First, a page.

Why I went from writing feature articles to copywriting

feature-writing-vs-copywriting-jfgibson

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Back in 2012, when I finally knew what I wanted to do with my life, I studied freelance feature writing with the Australian Writers’ Centre. I loved the course. Loved learning about how to structure an article, how to use quotes and statistics, how to use different tones of voice for your audience. Everything.

I then ventured out into the freelance world determined, fresh-faced and full of confidence, and in hindsight, naively.

My first ever articles were published on Coping With Jane and iVillage, and then my first ever paid article was published on Essential Kids and I was on cloud nine!

Although, I have had many articles published, I must admit, apart from seeing my byline, I didn’t enjoy the process as a whole.

At the end of 2014, I turned my attention to copywriting, completing a couple of courses and then in February last year, I stepped out with my business Making Words Count. And I haven’t looked back.

So, why is copywriting so much more my thing compared to feature writing? I’ll tell you.

 

1. Control

Freelance writing is a tough gig, I’m not afraid of putting in the effort, but I wasn’t keen on the fact that so much of the process was out of my control.

Although you may think you have a great story idea with a unique hook, you are still at the editors mercy. Will they like it? Will they see merit in your story? Has it been done before? Do they want to commission it or write it in house? Will they want you to write it ‘on spec’ and then decide not to commission? Will they even take a ‘risk’ with a new writer? Do they have any budget left to commission another story? So many factors. Of course, the more you write and are involved in the process, the more likely you are to be commissioned, but for this little control freak, the lack of control frustrated me endlessly.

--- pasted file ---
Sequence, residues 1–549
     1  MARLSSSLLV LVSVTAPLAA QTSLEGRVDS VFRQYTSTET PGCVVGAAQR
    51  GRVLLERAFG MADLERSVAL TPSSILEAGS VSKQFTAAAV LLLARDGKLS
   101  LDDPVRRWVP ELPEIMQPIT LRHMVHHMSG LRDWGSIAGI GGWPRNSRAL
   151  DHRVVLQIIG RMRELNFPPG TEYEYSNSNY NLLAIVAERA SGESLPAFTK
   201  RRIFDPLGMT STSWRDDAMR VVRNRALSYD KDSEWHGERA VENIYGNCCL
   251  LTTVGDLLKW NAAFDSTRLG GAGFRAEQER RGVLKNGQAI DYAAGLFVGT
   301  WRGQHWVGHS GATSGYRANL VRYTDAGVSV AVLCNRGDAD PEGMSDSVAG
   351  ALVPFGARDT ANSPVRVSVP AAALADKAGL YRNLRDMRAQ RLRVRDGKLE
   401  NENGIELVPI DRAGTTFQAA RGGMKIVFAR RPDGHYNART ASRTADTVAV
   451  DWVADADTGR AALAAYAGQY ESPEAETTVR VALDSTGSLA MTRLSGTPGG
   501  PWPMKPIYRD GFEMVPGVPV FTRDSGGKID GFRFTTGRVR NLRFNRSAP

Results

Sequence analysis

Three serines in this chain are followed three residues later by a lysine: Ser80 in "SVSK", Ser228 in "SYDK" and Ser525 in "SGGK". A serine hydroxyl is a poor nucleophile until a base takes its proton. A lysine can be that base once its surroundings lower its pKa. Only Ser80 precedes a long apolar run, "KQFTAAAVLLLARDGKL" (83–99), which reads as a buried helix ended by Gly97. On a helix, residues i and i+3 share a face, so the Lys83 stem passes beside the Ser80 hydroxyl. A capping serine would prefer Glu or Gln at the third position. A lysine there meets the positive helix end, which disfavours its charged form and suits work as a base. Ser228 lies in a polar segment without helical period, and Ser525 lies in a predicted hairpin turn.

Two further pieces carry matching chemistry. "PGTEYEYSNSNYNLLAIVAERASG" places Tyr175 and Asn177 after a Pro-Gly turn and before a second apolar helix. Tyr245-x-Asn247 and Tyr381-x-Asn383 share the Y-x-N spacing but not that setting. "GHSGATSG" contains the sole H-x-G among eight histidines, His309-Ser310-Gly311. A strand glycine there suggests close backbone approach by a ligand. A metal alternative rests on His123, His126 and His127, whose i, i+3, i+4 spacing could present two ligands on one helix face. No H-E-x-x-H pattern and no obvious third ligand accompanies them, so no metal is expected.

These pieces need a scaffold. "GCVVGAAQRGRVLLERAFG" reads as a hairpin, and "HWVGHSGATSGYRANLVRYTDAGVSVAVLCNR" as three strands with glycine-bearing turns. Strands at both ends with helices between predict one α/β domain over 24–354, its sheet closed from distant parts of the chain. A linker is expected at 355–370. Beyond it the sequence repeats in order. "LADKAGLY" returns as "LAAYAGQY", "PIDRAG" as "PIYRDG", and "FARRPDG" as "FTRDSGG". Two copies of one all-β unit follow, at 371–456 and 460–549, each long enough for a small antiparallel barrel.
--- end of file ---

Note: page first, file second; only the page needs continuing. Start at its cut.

As a copywriter, I have so much more control over the work I choose to take on. I love that, guided by my clients, I have a tremendous amount of creative freedom. I’m not confined by a publications strict guidelines or an editors opinion, taste or budget. Although I still have to meet brief and deliver what my client wants to see, I still feel very much in control of the process.

 

2. The dynamics are different

As a freelance writer, you need patience, something I’m not overly good at. Waiting to hear back from editors whether it’s to your pitch or feedback on your article is akin to pulling your nails out with pliers, very slowly.

With copywriting on the other hand, I’ve found clients are more responsive and timely. There are still the occasional ones who mess you around, but I’ve been fortunate enough to have wonderful clients who just want me to get the job done.

And then there’s the rejections with freelancing. If you can’t handle being told your piece isn’t up to scratch, your idea is off target or your writing is less than brilliant, then writing feature articles isn’t for you. This wasn’t really something that overly bothered me. I’m okay with rejection. No, it’s not nice but I fully understand it is part of the game, and that you’ll receive way more nos, than yeses. But having said that, I am also someone who responds better to positive feedback (isn’t everyone?).